Making new friends in Spirit Lake, Iowa with some fellows who
wanted to know "why in the hell anyone would do this."

Michael Lichter, who is well known throughout the motorcycle world for his beautiful work over the decades, was wrangled in by Lonnie Isam, Jr. to be the official event photographer. Michael has worked as one of the principal photographers for Harley Davidson for years and can be found at many of the legendary biker rallies and events here in the United States. What made his photos unique for this event is the platfom from which they were taken; most of his road-going shots were captured as he rode as a backwards-facing passenger on a 2012 Victory piloted by Dave Przygocki. While 19 entrants completed the full 3,956 miles, we riders joked that Michael compiled a -3,956 miles....trophy-worthy for sure. Posted here are a few of the wonderful shots taken by Michael, but for the full collection of more than 2,000 photos check out his website at www.lichterphoto.com

Fueling up with my pal Mike Wild outside of Graettinger, Iowa, where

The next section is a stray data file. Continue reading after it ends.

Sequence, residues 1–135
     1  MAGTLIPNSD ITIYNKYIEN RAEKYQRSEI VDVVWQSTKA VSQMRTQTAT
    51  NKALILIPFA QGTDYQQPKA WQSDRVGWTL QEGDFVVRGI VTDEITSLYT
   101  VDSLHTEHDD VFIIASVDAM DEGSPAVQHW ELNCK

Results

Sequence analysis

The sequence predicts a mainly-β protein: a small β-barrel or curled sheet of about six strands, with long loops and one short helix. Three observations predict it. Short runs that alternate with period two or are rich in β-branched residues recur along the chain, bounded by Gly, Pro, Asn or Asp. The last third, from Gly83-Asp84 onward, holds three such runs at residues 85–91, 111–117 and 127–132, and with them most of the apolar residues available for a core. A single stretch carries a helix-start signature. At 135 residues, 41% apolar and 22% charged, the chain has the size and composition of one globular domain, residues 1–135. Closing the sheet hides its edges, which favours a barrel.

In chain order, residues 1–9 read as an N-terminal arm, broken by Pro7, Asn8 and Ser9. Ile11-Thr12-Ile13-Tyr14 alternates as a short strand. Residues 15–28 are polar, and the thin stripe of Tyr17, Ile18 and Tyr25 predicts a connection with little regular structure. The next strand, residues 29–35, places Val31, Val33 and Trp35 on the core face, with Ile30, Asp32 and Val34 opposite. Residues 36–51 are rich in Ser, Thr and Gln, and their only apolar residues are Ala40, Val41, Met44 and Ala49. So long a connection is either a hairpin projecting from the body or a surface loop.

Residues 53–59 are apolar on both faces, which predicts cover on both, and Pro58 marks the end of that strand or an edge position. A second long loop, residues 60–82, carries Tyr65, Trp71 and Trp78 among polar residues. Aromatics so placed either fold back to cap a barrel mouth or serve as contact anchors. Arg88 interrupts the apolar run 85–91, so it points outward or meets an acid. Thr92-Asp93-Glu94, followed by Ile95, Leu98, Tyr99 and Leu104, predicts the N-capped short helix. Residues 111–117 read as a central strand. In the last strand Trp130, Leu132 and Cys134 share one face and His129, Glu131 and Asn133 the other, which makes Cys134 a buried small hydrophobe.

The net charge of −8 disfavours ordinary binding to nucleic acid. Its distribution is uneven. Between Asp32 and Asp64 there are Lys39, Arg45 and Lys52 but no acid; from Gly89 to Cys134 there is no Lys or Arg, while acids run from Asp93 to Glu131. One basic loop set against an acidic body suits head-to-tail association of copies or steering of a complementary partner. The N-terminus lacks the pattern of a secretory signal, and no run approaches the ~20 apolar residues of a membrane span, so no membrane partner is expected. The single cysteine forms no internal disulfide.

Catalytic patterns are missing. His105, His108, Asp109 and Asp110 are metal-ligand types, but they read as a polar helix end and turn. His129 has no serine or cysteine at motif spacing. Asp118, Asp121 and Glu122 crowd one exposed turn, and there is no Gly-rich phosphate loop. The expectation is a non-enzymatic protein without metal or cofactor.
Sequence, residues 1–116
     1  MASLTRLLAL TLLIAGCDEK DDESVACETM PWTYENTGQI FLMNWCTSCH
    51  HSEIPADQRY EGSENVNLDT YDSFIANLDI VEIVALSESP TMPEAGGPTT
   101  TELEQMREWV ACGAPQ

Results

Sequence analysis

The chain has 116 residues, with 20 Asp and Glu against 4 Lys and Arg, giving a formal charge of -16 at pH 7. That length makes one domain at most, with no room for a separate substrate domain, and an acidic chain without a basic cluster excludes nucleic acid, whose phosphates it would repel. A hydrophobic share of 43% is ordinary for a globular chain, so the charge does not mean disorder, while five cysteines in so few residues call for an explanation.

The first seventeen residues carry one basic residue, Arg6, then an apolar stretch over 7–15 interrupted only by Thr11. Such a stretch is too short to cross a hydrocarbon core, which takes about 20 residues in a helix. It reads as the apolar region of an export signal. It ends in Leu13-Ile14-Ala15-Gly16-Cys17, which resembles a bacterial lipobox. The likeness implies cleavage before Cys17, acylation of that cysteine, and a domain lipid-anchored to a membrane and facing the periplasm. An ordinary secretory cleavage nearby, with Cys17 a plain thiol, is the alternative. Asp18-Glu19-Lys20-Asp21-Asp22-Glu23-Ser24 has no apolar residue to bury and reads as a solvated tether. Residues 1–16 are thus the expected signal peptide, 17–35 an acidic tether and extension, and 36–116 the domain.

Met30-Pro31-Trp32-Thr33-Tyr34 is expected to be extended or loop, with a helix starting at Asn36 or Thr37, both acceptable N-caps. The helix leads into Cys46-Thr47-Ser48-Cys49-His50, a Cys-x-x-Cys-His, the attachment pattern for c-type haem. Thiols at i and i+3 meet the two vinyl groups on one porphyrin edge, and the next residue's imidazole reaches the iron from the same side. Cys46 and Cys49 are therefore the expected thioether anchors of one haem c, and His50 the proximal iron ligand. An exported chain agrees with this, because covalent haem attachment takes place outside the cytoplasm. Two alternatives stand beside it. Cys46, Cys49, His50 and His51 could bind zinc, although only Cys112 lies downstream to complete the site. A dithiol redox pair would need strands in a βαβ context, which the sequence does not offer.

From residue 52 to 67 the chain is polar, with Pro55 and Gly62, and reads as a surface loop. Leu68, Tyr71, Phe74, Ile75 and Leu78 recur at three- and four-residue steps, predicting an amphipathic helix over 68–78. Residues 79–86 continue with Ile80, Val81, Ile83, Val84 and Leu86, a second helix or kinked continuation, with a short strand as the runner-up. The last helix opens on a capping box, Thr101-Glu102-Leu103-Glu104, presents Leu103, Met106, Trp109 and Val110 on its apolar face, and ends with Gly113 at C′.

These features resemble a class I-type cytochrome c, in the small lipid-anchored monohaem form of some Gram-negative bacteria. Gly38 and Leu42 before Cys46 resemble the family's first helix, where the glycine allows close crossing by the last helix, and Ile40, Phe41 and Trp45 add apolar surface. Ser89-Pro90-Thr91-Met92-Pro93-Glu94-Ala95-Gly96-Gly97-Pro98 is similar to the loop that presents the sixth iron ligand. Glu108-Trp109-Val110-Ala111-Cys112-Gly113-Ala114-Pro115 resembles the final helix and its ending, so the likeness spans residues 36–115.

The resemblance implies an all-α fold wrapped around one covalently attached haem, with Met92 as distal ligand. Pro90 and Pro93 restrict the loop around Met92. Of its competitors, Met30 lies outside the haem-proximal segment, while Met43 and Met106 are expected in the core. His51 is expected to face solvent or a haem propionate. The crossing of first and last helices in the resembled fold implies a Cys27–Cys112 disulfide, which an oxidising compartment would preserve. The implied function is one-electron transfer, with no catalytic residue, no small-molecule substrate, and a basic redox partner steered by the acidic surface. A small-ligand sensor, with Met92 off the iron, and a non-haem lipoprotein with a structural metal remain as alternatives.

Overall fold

the town closed up to provide us a welcoming paty

A smoky start in Mountain Home, Idaho with my dad giving me the "thumbs up"
Paul d'Orleans was also one of the great photographers on the event, but for a different reason. Paul runs a blog here called The Vintagent, and it is truly one of the masterpieces of vintage motorcycle journalism. His blog is primarily sponsored by Bonhams and Butterfields Auctioneers, and on more than one occasion Paul can be found lending a hand with detailing the history of rare and unique motorcycle marquees. For the 2012 Cannonball, Paul entered his 1928 Velocette 350cc single cylinder; a machine not to be underestimated....it has been performance tuned and has been clocked at speeds of more than 100 miles per hour in the past. Riding the Cannonball was definitely a huge interest, but Paul also was gnawing at the bit for the chance to document the event in a very different kind of way. His all-female support team brought along a vintage 1800s "wet plate camera" and they could be found photographing on a daily basis. His collection of prints is currently being uploaded to his newest website, http://mototintype.com/cannonball but I've included a few here that he took on my 21st Birthday in Murdo, South Dakota.